Natural Skin Care Products as Adjunctive to Prescription Therapy in Moderate to Severe Rosacea
February 2019 | Volume 18 | Issue 2 | Original Article | 141 | Copyright © February 2019
Zoe Diana Draelos MD,a Hemali Gunt PhD,b Stanley B. Levy MDc
aDermatology Consulting Services, PLLC High Point, NC; bBurt's Bees, Durham, NC cChapel Hill Dermatology, Chapel Hill, NC
Background: Rosacea is characterized by irritation associated with erythema, telangiectasias and papules/pustules. Whole formula nature-based sensitive skin products are formulated to maintain skin barrier and appropriate hydration that can lead to soothing benefits.Objective: To evaluate the efficacy and tolerability of a regimen consisting of a cleanser containing natural oils, beeswax, and witch hazel and day and night creams containing natural oils, glycerin, and botanical anti-inflammatories (NR); and a synthetic dermatologist-recommended regimen of cetyl alcohol, sodium lauryl sulphate-containing cleanser, and glycerin, polyisobutene-containing lotion (CR) in subjects with rosacea.Methods: 80 female subjects with rosacea who received 6 weeks of 0.75% metronidazole gel, were randomized to receive NR or CR, twice daily, for 4 weeks in conjunction with the gel. Blinded investigator global assessment of rosacea, investigator-rated, and subject-rated overall skin appearance was assessed using a 5-point scale (0=none, 4=severe) at baseline, 2 weeks, and 4 weeks. Noninvasive skin assessments for skin hydration and skin barrier function were made by corneometry and TEWL, respectively.Results: NR resulted in improvement in investigator global assessment of rosacea measures at 4 weeks from baseline (erythema, 28%; telangiectasia, 26%; papules/pustules, 34%: P less than 0.001) and CR resulted in a 8 to 12% improvement. Differences between treatments were statistically significant. Overall skin appearance measured by the investigator was clinically and statistically improved from baseline by 32% and 12% with NR and CR, respectively. Overall skin appearance measured by subjects was improved by both NR and CR from baseline with no differences between treatments. Both regimens improved barrier function from baseline to week 4 (13%, NR; 14%, CR). NR decreased hydration by 21% from baseline at week 4 while CR increased hydration by 14% (P less than 0.001 from NR). No clinically significant tolerability issues were reported in either regimen at week 4.Conclusion: NR was effective, well tolerated, and superior to CR in the management of rosacea, concomitantly treated with metronidazole.National Clinical Trial Identifier: NCT03392558J Drugs Dermatol. 2019;18(2):141-146.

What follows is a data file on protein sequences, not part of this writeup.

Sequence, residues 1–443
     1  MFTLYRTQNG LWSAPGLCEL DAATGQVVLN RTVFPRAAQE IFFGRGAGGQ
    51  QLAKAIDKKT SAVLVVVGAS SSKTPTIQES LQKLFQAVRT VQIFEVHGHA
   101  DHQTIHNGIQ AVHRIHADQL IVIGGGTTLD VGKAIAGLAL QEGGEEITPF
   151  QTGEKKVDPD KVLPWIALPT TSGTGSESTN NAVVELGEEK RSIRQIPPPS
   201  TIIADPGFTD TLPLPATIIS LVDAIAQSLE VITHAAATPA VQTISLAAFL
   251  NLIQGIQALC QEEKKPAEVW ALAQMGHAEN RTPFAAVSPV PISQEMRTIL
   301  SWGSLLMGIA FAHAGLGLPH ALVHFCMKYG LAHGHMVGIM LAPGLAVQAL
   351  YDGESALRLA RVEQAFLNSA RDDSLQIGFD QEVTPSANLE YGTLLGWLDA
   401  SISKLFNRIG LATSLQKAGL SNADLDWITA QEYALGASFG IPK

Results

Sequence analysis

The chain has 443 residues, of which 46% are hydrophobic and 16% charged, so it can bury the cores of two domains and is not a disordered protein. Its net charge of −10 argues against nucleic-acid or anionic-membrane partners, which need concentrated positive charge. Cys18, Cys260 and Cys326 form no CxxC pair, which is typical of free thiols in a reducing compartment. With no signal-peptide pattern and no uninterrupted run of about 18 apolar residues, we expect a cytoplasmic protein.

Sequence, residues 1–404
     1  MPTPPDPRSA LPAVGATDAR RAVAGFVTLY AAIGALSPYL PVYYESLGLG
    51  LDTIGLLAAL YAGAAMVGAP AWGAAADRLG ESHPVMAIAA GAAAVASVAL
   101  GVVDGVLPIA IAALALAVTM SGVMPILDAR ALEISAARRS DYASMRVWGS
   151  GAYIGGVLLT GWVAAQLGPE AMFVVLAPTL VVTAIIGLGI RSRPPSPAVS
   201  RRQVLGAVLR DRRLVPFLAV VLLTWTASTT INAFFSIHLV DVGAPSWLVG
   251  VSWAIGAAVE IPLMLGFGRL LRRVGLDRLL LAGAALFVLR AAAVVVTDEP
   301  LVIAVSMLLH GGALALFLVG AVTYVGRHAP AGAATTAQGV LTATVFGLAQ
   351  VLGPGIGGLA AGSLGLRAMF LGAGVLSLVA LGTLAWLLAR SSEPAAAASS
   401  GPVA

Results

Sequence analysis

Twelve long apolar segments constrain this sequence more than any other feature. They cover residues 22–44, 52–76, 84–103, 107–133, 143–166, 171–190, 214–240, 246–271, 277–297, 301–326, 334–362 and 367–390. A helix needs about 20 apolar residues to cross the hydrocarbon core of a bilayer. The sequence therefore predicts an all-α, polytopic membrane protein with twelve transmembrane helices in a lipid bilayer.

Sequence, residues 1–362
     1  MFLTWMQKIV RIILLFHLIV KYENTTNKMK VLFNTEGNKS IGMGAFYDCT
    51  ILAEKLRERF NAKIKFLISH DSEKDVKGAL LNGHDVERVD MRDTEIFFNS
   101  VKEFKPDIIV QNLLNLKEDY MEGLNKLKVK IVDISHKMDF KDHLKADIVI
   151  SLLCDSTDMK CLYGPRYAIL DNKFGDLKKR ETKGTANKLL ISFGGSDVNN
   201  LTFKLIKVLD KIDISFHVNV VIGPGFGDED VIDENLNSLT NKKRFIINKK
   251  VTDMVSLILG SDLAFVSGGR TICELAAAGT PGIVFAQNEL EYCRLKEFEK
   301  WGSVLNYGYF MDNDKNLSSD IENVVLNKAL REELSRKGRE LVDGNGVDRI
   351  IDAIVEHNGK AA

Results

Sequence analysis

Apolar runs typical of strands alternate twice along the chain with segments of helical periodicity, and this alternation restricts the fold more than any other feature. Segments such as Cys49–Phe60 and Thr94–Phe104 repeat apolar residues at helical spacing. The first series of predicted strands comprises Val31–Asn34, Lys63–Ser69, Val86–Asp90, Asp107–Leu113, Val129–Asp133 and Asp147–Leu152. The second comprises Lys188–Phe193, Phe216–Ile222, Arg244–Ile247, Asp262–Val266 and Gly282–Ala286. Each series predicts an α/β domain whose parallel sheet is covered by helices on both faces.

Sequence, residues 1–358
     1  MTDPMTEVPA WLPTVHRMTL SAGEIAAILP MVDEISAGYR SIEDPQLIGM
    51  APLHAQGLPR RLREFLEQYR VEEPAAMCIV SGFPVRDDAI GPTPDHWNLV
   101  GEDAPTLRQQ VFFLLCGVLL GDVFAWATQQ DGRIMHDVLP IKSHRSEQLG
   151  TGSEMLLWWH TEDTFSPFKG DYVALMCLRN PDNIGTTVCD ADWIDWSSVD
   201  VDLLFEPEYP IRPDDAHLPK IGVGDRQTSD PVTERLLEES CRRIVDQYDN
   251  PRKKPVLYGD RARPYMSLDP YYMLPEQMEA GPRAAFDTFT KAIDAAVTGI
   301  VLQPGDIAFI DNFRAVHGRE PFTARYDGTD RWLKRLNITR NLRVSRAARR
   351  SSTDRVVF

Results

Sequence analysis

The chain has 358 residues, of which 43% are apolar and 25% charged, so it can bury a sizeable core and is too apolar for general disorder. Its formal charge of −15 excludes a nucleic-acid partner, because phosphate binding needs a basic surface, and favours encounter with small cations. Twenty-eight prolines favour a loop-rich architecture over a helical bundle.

Rosacea is a challenging dermatological condition due to its multifactorial causes.1 Diet, environment, menopause, mites, bacteria, cathelicidins, and improper skin care have all been implicated as contributing causes of the pathognomonic red face. Successful rosacea treatment usually combines many different activities to minimize the facial inflammation.2,3 Dermatologists frequently provide rosacea patients with a "trip wire list" of foods to avoid, including chocolate, coffee, tea, aged cheeses, red wine, etc., and skin care product recommendations along with oral or topical prescription medications. Current first line topical medication used for rosacea, based on cost and insurance formulary availability, is typically metronidazole 0.75% gel twice daily.4 The dermatologist must then pick a skin care regimen that optimizes the effect of the topical antimicrobial while repairing and maintaining the skin barrier.5 Selecting skin care products can be challenging, as the consumer market is broad and confusing,5 with few properly powered well-designed studies to provide data. This research aimed to better understand the role of moisturizers and cleansers in moderate to severe rosacea patients who had undergone treatment with metronidazole 0.75% gel twice daily for 4 weeks prior to initiating a new skin care regimen. Dermatologist investigator and subject assessments accompanied by facial photography and noninvasive instrumental evaluations were collected to better understand the effect of skin care on prescription therapy over a 10-week period.
80 female subjects between 25-70 years of age possessing Fitzpatrick skin types I-III with facial rosacea who signed consent (Concordia Institutional Review Board; Cedar Knolls, NJ) and met all inclusion and none of the exclusion criteria were enrolled in this 10-week single site controlled product-blinded study. Subjects who were pregnant, nursing, or used antiaging skin care products within 4 weeks of study entry were eliminated, as were those who possessed a sensitivity to any of the